ENTERTAINMENT

Bad Dreems Are Bringing Back Golden Era Aussie Rock

Just don't call them a pub rock band.

10/05/2017 1:33 PM AEST | Updated 12/05/2017 5:58 PM AEST
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Racist jokes. Australia Day. The USA. Donald Trump. Your baby bump. The credit crunch. The coward punch. And you.

These are the things, in order, Adelaide rockers Bad//Dreems have had a "gutful" of. After carving out a little niche with the Australiana rock'n'roll of their debut album Dogs At Bay, they're back with a follow-up -- tighter, leaner, meaner, angrier than before. They're pissed off about a lot of things happening at home and abroad, and it's a vibe that seeps through every guitar lick, every drum bash, every snarled and pained lyric out of frontman Ben Marwe's mouth.

They're fed up enough, had a gutful enough, to have even titled the album after that most ocker of colloquialisms: Gutful.

"Gutful is real angry. You're sitting there, not being able to look away from the world we're surrounded by. People shouting at each other. That makes me angry," says guitarist Alex Cameron. We catch up with him and Ben in Sydney, just days after the album release. Their bald-faced, meaty, unabashed rock -- full of dry, warm guitar lines and thumping drums, borrowing as much from early AC/DC as it does Midnight Oil or even Jimmy Barnes with shout-a-long choruses and rhythms to pound your car steering wheel to -- has been overwhelmingly well-received so far.

"There's so much bullshit that's being propagated, and bullshit is unfortunately rising to the top," Alex says.

"It wasn't a calculated thing, we just couldn't live in the world for the last 18 months and NOT be affected by what's happened."

The boys talk about Hanson and Trump, nationalism, racism, bigotry. They talk about 'Gutful', the title track of the album, and the list of things they've had a "gutful" of. They talk about the new album being about them getting out of Adelaide and travelling the country, and the world, seeing more and being affected by more. At various points, Gutful takes on race hate, the Bra Boys, toxic masculinity and male violence, media, climate change, cultural apathy, all bundled up in guitar-shredding, throat-shredding suburban working-class rage. Bad//Dreems are fast becoming known as much for their heart-on-sleeve, passionate lyrics as their music, with no recent review complete without some reference to their 'political' bent, to 'protest rock'.

Just don't call them a political band.

"With Trump and Hanson and the controversy around Australia Day, within our generation I don't think calling out racism and idiocy needs to be politically charged. It's common sense," Ben says.

"It's being a human being," Alex adds.

"The reason you're into music is because you believe in that form of communication and expression which is above politics. Some bands have been political, Midnight Oil, but that's not us. The average person and everyman is pissed off about being buffeted around by all these forces in our time, whether that's the far-right rising, the lack of middle-ground or in-depth analysis of issues or proper discussion. People are fed up of that."

The question of whether Bad//Dreems are a political band is one we come back to a few times in our chat. The boys don't think they are; others aren't so sure.

"We had a big discussion when the album was coming out, the way the label wanted to promote it. We said we weren't a political band, but then someone came back and said 'I think you might be'," Ben laughed.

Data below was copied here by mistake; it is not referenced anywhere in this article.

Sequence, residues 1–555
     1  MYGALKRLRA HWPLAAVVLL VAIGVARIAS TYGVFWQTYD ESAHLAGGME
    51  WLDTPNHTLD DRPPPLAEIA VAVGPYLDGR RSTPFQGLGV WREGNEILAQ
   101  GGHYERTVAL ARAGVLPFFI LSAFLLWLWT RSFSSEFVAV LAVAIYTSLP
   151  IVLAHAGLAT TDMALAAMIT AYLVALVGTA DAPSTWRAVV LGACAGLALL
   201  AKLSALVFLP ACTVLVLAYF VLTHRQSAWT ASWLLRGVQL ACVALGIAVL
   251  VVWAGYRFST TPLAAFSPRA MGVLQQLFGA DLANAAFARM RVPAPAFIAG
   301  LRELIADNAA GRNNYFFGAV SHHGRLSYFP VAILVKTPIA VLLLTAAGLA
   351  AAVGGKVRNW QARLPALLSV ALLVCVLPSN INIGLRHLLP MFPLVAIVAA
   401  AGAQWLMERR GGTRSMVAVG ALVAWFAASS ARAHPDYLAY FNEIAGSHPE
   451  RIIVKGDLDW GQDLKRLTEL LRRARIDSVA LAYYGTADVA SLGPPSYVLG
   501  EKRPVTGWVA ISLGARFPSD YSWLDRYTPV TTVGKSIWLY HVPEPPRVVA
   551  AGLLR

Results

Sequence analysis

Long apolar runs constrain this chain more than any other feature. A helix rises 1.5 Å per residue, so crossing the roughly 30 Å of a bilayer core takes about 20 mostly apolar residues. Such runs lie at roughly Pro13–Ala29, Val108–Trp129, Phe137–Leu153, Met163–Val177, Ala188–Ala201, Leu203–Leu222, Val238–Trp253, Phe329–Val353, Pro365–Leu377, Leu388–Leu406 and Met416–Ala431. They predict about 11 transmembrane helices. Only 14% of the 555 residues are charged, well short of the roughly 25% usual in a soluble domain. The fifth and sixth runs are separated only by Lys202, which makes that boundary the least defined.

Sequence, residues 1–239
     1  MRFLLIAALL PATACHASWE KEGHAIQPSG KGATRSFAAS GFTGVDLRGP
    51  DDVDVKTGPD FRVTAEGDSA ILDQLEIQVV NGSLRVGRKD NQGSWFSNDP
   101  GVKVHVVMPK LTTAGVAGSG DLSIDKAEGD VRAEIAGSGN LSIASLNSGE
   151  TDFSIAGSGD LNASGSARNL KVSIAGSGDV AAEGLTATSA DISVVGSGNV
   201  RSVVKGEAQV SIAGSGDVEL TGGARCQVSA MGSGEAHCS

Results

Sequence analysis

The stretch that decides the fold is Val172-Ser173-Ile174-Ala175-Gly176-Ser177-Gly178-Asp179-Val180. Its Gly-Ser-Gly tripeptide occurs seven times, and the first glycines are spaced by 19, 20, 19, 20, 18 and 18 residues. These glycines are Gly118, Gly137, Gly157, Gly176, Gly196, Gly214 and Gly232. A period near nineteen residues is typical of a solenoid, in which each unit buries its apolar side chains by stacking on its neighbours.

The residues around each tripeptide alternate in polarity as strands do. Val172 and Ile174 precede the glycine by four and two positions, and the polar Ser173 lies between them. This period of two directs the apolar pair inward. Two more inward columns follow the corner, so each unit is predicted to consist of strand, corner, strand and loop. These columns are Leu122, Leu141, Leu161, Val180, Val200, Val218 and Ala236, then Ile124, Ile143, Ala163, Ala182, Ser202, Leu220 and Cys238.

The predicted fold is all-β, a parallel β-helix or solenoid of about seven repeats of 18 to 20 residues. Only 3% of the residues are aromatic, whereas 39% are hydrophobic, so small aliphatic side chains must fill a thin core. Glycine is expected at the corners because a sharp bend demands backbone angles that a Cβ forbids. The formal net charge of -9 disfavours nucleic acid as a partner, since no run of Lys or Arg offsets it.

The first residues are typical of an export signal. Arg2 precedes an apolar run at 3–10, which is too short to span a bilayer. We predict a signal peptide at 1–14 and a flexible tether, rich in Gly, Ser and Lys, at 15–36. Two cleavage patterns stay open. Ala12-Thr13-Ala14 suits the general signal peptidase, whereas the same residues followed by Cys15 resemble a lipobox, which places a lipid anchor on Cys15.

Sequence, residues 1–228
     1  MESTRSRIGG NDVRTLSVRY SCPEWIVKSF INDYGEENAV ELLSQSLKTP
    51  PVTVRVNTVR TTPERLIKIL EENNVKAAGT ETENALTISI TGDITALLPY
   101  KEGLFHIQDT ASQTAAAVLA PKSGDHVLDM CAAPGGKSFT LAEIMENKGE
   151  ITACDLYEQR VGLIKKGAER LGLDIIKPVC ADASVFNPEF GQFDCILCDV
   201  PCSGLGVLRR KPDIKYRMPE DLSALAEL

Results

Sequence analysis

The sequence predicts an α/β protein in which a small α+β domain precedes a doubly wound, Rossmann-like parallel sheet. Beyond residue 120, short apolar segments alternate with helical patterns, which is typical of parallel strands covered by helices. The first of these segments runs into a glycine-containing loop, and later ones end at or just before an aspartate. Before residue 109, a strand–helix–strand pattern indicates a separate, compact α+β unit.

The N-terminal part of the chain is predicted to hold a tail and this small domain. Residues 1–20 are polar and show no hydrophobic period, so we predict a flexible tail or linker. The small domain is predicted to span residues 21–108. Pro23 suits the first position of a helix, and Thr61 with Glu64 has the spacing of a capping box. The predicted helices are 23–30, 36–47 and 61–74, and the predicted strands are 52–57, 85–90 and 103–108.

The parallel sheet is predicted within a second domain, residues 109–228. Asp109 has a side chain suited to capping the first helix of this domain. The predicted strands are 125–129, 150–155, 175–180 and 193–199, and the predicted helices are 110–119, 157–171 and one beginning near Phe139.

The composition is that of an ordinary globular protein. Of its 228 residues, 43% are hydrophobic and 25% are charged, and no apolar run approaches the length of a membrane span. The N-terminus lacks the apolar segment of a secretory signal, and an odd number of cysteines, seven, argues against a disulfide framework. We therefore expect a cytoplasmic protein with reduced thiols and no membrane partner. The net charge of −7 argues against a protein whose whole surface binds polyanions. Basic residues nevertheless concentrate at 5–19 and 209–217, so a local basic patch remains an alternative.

For Gutful, Bad//Dreems linked up with legendary producer Mark Opitz, recording nearly the entire album live, minus the technical studio wizardry which most rock bands use these days, in favour of preserving the "feel" of a live rock band. Opitz's portfolio reads like a who's-who of Australian rock legends - The Angels, Midnight Oil, AC/DC, Cold Chisel, INXS, Hoodoo Gurus, Noiseworks, Australian Crawl. It's no surprise that Bad//Dreems have been compared, at some stage, to almost every band on that list.

Their Australiana-soaked rock'n'roll, which shifts from balls-out swagger on 'Mob Rule' to the album's title track which nearly sounds like a Bon Scott-era AC/DC hat-tip, through to 'By My Side' which you can almost hear Jimmy Barnes covering at some point, and the warm washing guitar tones of the Midnight Oil-reminiscent '1000 Miles Away'. Their unabashedly working-class vibe and aesthetic -- work boots, footy jerseys, flanno shirts, and merchandise themed around South Australian beer West End -- keep those comparisons regularly rolling in.

Just don't call them a pub rock band.

"It's been interesting the way people have framed us. We're males playing rock music, and at some point, the moniker of 'pub rock' got put onto us. But we always felt there was much more to us than what people think 'pub rock' is," Alex says.

"We make guitar music recorded live in a studio, and the stylings of it, a lack of stylings, is quite close to that stuff [pub rock]. On this album we tried to make it a bit more explicit, that we're writing songs about things that perhaps challenge that stereotype of what four males playing rock music is."

Picking Opitz, which might seem to feed the pub rock narrative, was also a calculated move.

"He just produced so many good songs, and if you brush off the stigma on it, he's played a part in so many great Aussie songs. He's by no means defined by beer barn, banging rock," Ben said.

"His favourite Australian song is 'Wide Open Road' by the Triffids. He's much more nuanced, but he, like those pub bands, has unfortunately been pigeon holed into an easy fit."

It's not hard to see the parallel being drawn there.

Gutful is out now. Bad//Dreems are on tour nationally through June.

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